Playing it safe

How did the pandemic impact travel over winter break? The LM population was surveyed to see how many decided to travel and how many did not.

Due to COVID-19, traveling at this unprecedented time has become difficult, but not without reason. The strict travel guidelines have influenced many people’s decision-making regarding travel. According to the Department of Health, “anyone who visits Pennsylvania from another state, including Pennsylvanians returning to the Commonwealth, must get tested within 72 hours prior to entering the Commonwealth. If an individual is unable to get a test prior to entering the Commonwealth, is waiting for test results, or chooses not to get a test, they must quarantine for 10 days upon arrival in our state or secure a negative test, whichever is first.” These guidelines are similar to the ones held by other states across the country. 

Out of the 25 LM students surveyed, only sixteen percent had traveled, with twelve-and-a-half percent leaving the state. The Bureau of Transportation Statistics states that “the holiday travel period saw an overall decline in the total trips taken by Americans despite a year-over-year jump in trips between 50 and 500 miles.” The travel guidelines persuaded many people to stay home instead of traveling out of state, because they were worried about being further exposed or having to quarantine during their vacation if they tested positive. An LM student noted, “My family and I usually travel, but due to COVID-19 we had stayed home this year. I wish we could have gone somewhere, but I understand it is more difficult with these restrictions.” Everyone surveyed about their travel reported having traveled by car, which eliminates the chance of COVID-19 transmission from public transportation.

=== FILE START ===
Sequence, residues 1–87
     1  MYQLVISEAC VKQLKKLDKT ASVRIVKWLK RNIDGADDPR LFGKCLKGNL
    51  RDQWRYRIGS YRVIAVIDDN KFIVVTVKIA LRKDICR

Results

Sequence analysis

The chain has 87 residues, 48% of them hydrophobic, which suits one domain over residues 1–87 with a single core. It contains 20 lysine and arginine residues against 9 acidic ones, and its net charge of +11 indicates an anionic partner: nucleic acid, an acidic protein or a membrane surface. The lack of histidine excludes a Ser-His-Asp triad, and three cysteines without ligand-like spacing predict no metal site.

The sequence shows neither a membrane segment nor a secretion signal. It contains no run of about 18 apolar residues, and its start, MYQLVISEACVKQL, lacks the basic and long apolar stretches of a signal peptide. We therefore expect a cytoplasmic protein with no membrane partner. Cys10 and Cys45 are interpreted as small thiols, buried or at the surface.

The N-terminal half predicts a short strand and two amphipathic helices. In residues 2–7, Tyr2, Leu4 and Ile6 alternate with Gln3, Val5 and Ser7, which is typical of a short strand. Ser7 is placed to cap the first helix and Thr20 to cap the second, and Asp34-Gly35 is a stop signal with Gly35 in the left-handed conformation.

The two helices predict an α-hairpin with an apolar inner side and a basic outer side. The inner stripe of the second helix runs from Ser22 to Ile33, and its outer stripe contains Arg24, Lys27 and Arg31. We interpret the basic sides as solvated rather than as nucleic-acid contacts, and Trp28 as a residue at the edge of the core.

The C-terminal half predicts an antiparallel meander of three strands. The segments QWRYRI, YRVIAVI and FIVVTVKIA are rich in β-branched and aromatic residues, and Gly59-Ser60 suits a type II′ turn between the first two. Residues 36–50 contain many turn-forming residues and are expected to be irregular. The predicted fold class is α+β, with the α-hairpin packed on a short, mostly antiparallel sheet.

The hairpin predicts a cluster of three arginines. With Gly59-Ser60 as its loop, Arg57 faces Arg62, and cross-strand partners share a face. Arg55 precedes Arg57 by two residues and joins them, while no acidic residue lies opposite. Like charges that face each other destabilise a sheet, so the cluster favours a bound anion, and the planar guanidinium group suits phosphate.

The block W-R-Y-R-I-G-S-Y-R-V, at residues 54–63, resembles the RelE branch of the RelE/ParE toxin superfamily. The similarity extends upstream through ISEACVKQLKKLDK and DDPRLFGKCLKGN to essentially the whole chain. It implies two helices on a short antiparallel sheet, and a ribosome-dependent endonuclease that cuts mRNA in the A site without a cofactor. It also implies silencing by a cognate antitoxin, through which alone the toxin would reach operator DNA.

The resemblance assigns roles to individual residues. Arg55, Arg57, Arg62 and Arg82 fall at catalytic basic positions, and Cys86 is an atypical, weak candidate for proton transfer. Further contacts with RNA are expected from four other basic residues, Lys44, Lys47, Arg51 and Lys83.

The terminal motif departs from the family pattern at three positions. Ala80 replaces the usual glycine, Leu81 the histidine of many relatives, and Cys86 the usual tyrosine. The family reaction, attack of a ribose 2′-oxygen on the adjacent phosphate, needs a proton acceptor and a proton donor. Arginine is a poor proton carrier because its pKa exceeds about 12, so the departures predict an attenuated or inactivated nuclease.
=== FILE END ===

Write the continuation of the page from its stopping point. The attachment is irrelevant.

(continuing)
Students were asked about their opinions of travel during this remarkable time, and they all alluded to following safety precautions if one is to travel. One student wrote, “I think that travel right now is okay as long as people are being smart and safe for themselves, and safe and respectful to others.” Someone else responded, “I was very envious of my peers who had the opportunity to travel, but I knew it was for the best that we stayed home.” A third student answered, “I lost a lot of respect for people who went on vacation for fun.” This person’s response highlights our community’s main priority of safety above all else during this unpredictable time. When deciding to unnecessarily go to public places, people are not only putting themselves at risk, but also putting everyone else around them in a dangerous situation. Everyone needs to be very conscious of their actions and think about how it could potentially affect others.

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